Should we wonder why Adepticon allows their staff members to participate in events where prizes exist? Then there the charity raffles where a Adepticon top staff member has won grand prizes. There are countless stories of event organizes winning the prizes from their own events. It is common practice for any organization to ban members from entering contests or participate for prizes the general public can enter. So, why does Adepticon continue to allow it? Why is Adepticon really the last big event not to publish their final missions beforehand?
Regardless of intention, this gives the impression of impropriety, but for Adepticon why should they care? Well, it can breed complacency, a complacency allowing "friends"of Adepticon to take advantage of the largest 40k tournament in the country.
Let me tell you another true story.
Joshua Taylor a player a few hours drive from Chicago goes to his first Adepticon this year, in fact Josh has only been playing Warhammer 40k for about a year. On the biggest stage at the biggest event Josh goes 4-0 on day one, in all the years of Adepticon this should assure him a seat to the championships on day 2. Now, in the Adeption rules primer the scoring confused Josh. So, Josh emailed Adeption weeks before the event wondering how exactly the scoring worked, but never got a response.
On the day of the tournament Josh asked a judge how getting into the Top 16 was determined and was told Win/Loss trumped everything, and even a second judge said going 4-0 meant he would make it in.
When the names for the Top 16 where announced Josh discovered he didn't make it. Instead, at least four players with ties made it ahead of him, because how Battlepoints were calculated. Under the system it is actually better to get two crushing victories and two minor losses for a score of 28 points, and a win loss record of 2-2, than to win four minor victories for a score of 24 points, and a win loss record of 4-0.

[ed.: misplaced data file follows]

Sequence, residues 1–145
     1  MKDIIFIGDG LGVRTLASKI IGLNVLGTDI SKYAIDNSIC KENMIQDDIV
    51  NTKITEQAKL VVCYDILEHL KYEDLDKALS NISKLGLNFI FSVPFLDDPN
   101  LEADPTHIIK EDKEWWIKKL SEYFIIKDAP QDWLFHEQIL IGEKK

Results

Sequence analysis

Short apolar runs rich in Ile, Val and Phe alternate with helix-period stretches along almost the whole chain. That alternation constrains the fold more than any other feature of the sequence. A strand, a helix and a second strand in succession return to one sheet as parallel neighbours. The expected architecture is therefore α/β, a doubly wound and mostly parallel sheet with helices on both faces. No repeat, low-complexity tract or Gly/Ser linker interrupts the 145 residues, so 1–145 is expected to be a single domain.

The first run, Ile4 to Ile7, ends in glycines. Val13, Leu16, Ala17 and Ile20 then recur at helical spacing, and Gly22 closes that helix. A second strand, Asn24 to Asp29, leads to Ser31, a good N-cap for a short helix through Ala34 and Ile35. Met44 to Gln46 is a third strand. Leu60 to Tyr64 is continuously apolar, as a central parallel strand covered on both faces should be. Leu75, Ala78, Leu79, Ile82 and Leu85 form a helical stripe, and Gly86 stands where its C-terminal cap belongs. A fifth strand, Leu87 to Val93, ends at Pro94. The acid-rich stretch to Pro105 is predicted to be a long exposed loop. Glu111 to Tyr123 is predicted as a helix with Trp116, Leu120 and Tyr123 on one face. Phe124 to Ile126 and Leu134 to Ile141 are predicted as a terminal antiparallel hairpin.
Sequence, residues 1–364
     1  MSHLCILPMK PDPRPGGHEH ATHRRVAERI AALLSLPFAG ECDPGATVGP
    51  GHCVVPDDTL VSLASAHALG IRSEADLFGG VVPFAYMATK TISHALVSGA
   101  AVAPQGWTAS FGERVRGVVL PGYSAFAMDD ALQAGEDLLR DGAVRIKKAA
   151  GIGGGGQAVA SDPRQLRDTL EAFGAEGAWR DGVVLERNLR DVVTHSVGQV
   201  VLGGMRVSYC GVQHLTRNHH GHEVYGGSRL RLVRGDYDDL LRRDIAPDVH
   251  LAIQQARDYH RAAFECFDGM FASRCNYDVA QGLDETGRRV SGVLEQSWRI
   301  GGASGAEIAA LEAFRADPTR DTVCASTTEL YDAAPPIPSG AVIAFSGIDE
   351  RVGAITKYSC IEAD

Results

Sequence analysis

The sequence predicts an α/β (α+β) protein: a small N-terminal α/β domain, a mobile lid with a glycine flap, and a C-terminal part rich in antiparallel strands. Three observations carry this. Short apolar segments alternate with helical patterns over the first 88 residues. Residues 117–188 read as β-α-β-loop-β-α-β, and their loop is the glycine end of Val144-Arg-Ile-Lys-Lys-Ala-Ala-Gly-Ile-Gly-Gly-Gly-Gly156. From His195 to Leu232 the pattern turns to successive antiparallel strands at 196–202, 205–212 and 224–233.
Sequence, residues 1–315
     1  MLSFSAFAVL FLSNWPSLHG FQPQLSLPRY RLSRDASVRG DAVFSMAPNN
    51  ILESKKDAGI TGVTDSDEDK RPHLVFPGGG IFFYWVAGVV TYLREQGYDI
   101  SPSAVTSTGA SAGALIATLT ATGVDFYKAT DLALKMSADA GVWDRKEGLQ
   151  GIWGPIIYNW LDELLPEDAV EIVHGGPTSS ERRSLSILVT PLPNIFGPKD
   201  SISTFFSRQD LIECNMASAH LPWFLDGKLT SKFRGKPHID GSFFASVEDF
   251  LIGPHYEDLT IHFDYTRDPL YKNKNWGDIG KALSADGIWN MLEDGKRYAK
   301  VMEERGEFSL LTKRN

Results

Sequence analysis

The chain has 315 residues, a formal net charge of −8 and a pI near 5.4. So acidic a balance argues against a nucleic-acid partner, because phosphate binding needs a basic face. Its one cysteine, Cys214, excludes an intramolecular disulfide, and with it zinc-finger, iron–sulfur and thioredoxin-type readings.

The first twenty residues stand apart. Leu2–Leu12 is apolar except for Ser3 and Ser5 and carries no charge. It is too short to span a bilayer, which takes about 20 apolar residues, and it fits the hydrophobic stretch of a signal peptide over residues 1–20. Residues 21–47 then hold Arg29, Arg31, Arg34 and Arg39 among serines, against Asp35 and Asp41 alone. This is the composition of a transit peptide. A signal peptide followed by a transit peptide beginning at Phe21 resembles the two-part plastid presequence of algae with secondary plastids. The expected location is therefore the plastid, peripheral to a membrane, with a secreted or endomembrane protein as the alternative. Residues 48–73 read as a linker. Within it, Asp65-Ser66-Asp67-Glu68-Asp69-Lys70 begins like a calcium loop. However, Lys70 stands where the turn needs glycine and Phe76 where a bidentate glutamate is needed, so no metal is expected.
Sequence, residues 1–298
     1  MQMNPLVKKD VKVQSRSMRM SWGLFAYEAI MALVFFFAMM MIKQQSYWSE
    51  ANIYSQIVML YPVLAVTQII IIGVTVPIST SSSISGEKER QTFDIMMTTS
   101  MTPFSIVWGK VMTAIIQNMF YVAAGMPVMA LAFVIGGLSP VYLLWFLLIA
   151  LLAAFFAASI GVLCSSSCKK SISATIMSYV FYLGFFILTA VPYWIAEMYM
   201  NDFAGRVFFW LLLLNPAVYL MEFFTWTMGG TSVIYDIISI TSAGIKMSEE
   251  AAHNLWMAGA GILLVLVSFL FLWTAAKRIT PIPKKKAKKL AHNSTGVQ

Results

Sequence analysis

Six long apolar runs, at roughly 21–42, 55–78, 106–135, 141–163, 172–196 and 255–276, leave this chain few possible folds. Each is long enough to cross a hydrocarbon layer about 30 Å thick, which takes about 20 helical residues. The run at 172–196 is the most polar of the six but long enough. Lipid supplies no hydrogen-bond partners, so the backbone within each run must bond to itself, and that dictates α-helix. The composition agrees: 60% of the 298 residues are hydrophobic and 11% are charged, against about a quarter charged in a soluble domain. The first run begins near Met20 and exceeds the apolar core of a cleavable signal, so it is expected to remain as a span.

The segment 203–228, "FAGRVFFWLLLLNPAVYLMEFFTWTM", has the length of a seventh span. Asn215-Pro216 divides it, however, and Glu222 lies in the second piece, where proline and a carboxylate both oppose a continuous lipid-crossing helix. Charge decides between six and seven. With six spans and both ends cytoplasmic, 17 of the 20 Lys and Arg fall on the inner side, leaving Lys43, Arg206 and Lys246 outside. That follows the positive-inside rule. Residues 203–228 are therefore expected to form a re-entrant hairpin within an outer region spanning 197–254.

I guess that is the way Adepticon system works, but what if you are one of the top players in the world and have been for some time?
What if as a top player who are friends with other top players?
How could it affect things?
Well for some players it can make a real difference. A system has been growing where a who's who of élite players have developed some nice quid pro quo.
In a large event last year for instance, two of the top players in the country faced off in a finals match where one side conceded, so the other could secure a spot on ETC team, since the other participant had already gotten a spot. Now, this year at Adepticon different groups of players with the same élite status do the same thing, so certain players can go on to day 2, while new players like Josh don't. This rigging has happened before and will happen again. Since conceding gets once side a lot more points. Finally, certain élite players seem hell-bent on denying other players entre into certain groups, because of old grudges.
This behavior is avertable, for any event, but Adepticon needs to do something, the community holds it to a higher standard. Adepticon has a good record of changing course when prodded, I hope shinning a light on this sort of thing provides an opportunity for Adepticon to make changes, so every player regardless of pedigree can feel like they have a fair shot, and not beholden to the 40k good ol' boys of North America.
To the 40k good ol' boys club, I know most of you, for the most part you are good people, but I report for everyone, so don't get complacent by misbehaving, because I will call you out.